Chiefs favored to win seventh consecutive AFC West title in 2022

The Kansas City Chiefs are favored to make AFC West history once again during the 2022 NFL season.

Kansas City continued its historic streak of success within the AFC West division last season, winning its sixth consecutive AFC West title, becoming the only team in division history to ever win the division six times in a row. Prior to the 2017 season, the Chiefs had never once won the division in consecutive seasons, but Andy Reid ushered in an unprecedented era of success.

For the upcoming season, Kansas City is favored to take home the AFC West title once again. If they were to do this, they’d extend their record of dominance over the division.

Here’s a look at the latest betting odds on AFC West division winners from Tipico:

Team Odds
Kansas City Chiefs +155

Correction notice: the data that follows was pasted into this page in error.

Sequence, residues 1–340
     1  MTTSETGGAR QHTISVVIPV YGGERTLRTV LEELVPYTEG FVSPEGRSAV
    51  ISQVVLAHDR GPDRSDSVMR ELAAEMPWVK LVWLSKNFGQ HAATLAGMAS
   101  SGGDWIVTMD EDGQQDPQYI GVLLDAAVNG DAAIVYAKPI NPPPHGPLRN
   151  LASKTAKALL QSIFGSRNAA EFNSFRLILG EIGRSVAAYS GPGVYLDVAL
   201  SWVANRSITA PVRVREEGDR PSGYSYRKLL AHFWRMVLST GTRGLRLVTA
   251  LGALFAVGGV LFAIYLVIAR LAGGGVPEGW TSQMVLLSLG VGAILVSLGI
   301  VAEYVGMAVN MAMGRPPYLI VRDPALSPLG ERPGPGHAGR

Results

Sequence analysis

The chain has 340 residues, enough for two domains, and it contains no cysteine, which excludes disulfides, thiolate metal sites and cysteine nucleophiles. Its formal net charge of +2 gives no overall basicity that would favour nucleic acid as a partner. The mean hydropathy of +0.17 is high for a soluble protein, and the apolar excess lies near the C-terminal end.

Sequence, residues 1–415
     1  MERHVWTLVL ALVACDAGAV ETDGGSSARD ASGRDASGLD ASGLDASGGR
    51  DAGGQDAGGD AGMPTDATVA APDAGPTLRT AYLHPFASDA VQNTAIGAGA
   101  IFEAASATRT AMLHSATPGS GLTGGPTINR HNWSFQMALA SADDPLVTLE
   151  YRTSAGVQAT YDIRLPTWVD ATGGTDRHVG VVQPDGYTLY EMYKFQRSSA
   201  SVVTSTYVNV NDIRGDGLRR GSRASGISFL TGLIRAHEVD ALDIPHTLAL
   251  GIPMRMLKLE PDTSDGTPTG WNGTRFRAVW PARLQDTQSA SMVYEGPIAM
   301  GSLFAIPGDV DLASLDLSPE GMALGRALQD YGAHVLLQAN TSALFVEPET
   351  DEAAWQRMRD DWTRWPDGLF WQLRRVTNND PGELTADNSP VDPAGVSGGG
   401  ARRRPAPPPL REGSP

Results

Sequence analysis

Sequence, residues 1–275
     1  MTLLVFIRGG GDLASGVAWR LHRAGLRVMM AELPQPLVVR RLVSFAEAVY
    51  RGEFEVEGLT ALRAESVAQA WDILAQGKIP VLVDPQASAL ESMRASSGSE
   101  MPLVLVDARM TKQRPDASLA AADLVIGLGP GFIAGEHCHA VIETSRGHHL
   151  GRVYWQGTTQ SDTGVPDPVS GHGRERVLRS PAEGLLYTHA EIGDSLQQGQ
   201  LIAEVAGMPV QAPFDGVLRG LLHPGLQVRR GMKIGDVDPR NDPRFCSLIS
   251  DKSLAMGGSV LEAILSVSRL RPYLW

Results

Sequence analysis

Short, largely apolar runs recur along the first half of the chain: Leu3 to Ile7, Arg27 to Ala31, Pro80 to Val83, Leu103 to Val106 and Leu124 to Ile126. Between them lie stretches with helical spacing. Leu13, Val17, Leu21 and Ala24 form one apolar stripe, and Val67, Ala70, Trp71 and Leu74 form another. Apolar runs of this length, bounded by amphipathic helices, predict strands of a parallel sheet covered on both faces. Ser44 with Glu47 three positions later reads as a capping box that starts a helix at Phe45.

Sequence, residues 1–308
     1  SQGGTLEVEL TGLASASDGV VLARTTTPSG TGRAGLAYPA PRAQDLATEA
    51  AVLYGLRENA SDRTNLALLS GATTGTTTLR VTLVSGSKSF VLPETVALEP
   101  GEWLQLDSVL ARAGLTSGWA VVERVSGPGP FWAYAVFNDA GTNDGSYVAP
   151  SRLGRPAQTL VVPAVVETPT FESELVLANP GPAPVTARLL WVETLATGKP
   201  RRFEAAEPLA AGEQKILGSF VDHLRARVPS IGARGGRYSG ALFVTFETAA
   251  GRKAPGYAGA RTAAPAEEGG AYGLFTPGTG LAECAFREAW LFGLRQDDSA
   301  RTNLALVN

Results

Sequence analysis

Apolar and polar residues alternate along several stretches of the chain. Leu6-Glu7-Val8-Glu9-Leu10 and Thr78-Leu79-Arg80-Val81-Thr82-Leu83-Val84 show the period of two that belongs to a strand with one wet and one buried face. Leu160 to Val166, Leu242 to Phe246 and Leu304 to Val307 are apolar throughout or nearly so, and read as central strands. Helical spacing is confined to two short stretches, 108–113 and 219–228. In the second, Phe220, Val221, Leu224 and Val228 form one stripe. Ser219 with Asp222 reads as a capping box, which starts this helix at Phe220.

Los Angeles Chargers +240
Denver Broncos +260
Las Vegas Raiders +600

Even though the offseason narrative has been that AFC West teams have closed the gap, oddsmakers are hesitant to give anyone the edge over Kansas City. This time last season, the Broncos were a distant second behind the Chiefs. This time, it’s Los Angeles that is closest in odds to K.C., but Denver is a close third. While Las Vegas is a distant fourth, they’ve seemingly improved their odds from last season as well (+1600).

Unfortunately, these odds won’t stop national media from picking the Chargers to win the AFC West during the course of the offseason. While these odds remain ever-changing, it’s important to remember that the Chiefs are one of just four NFL teams to have a winning all-time record against every team in their division. A lot of that success comes under the tutelage of Andy Reid, and it won’t be going away overnight.

For more betting information on the rest of the NFL and college football, please check out our sister site, Sportsbook Wire.